As a therapist I have an advantage in the therapy office. I have read a stack of books and spent thousands of hours learning from different “styles” and what to do in session. Clients may also be sceptical and have to learn as they go, costing them valuable time and money. Here are a few pointers to help clients level… the playing.
15 Tips for Clients in Therapy
- The 50 minutes Hour: There is a long standing mystique about the therapeutic “hour”. I put the word hour in quotes because the therapy session traditionally consists of fifty minutes, never a full sixty. Get your money’s worth by arriving 10 minutes early to catch your breath, collect your thoughts and prepare for your session. Based on Ernest L. Rossi’s book “Twenty Minute Break”, seeing clients for 90 minutes could actually achieve better results [based on Ultradian rhythms]. Ask me why, if you wish to know more about it.
- The Time is Now: The therapist is in charge of ending the session on time. You’ve got enough to think about during the session to worry about “the clock”, relax, the therapist is responsible for wrapping up.
- Apply changes: A therapist is like a personal trainer that will advise and encourage you, but cannot ‘do’ it for you. Therapy works best when you take what you’ve learned and apply it to the rest of your week. Between sessions, notice areas in your life you’d like to explore. I wonder if you realize all of the benefits you will get when…..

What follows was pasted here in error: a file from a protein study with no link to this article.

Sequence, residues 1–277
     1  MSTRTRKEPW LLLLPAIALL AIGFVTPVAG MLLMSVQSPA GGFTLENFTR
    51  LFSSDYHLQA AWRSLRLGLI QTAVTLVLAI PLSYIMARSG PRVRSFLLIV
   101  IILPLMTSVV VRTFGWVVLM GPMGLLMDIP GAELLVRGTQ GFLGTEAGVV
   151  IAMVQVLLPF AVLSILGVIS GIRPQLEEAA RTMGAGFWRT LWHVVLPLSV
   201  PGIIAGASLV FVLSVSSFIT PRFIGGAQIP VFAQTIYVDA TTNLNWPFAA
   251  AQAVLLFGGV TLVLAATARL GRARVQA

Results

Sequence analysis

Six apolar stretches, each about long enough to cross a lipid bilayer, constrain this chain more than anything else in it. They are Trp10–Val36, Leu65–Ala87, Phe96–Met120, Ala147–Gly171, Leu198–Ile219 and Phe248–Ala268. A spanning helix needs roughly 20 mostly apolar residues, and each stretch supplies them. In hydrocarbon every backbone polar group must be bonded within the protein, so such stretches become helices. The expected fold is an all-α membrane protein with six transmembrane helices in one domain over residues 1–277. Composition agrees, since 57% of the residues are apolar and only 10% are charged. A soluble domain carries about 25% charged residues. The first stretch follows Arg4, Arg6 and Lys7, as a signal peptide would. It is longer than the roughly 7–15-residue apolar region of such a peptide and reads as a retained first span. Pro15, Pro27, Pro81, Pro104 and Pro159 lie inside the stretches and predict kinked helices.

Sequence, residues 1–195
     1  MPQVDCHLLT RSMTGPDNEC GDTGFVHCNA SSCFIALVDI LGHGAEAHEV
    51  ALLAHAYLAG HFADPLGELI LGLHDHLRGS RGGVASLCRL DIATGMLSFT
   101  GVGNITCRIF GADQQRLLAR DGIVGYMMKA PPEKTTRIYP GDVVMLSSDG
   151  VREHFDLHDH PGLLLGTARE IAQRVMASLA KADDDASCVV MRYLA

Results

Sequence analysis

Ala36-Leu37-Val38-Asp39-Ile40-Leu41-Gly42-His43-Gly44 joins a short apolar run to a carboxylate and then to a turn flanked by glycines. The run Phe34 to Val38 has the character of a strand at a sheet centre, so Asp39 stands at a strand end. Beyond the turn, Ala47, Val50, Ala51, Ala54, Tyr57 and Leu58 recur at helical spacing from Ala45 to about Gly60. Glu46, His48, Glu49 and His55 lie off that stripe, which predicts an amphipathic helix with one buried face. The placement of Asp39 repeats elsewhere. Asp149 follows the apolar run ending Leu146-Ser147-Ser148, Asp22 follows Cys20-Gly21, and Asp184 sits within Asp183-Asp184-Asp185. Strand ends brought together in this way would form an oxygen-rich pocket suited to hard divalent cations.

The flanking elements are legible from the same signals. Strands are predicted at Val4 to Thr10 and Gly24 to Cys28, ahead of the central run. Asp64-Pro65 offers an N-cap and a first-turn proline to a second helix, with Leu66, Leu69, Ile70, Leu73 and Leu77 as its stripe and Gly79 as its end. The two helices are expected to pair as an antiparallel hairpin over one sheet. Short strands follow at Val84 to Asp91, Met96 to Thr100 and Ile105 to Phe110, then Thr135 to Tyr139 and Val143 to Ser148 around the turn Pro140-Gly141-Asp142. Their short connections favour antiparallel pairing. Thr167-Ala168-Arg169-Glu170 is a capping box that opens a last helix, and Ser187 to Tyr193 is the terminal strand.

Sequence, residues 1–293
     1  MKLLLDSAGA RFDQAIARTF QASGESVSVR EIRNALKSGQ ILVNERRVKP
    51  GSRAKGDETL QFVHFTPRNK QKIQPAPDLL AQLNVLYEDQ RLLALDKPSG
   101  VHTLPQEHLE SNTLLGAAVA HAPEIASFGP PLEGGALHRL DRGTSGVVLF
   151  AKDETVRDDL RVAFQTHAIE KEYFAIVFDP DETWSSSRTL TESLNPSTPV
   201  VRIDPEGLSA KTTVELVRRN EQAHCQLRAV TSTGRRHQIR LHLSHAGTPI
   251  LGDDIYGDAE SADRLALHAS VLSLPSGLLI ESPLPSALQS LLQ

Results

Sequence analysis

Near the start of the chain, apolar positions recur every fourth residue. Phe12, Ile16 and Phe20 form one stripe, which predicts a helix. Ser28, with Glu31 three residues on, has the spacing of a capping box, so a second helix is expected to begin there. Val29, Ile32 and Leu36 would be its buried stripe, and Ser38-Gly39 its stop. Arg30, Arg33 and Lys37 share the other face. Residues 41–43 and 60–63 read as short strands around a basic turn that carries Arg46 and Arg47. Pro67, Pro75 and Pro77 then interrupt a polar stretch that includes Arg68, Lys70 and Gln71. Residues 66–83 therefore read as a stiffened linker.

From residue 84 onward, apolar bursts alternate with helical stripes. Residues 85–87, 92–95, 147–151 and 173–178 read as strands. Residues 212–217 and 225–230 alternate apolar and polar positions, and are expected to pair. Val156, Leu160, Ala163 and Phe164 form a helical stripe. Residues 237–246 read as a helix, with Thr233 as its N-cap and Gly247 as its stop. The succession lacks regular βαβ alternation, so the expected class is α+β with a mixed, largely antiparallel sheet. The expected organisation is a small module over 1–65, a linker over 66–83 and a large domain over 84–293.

- Keep records: Making notes on tablets and smart-phones can help your sessions. Jot down things you notice, your thoughts, feelings and dreams during the week. Bring them to session with you.
- Payment: Ask in advance fees and how to pay for the session(s). Worth asking if there is a discount for pre-paid sessions. Payment is very often due at the end of session. Cash is the easiest form of payment followed by cheques. Bank transfer payments can also be made via smart-phones these days.
- Sessions: Discuss a therapy plan with the therapist. How many sessions are needed and how often you should attend. At the beginning, ideally, you should see the therapist once a week for the first four weeks. Feel free, at any time, to terminate therapy. You do not have to give any reasons. It would be courteous to inform the therapist (email or SMS will do). Should you have any issues, questions or concerns, you must feel free to address them at the earliest possible opportunity with your therapist.
- Why am I here? You may have attempted to cope with the problem yourself and may have even discussed it with family, friends or peers. But you know you need professional help when nothing has worked, when you are unable to carry out your obligations. Focus on your feelings, get a good rapport with your therapist and let it all out. A good therapist is open and willing to understand your concerns, he is not judgmental or critical of your behaviour, lifestyle, or problems, and confidentiality is a respected part of psychology’s code of ethics.
- Ask questions: There should be no boundaries between you and your therapist. Anything related to therapy issues and concerns should come up during conversation. As therapists have spent thousands of hours reading and learning, they could also be the source of useful information.
- Check the Evidence: Therapy is more about helping you come to your own conclusions than having the therapist make decisions for you. Therapy is ideally a two-way discussion, with both of you sharing your thoughts. Why do you act the way you do? Allow yourself to feel/think/behave as if you do not have to follow any rules.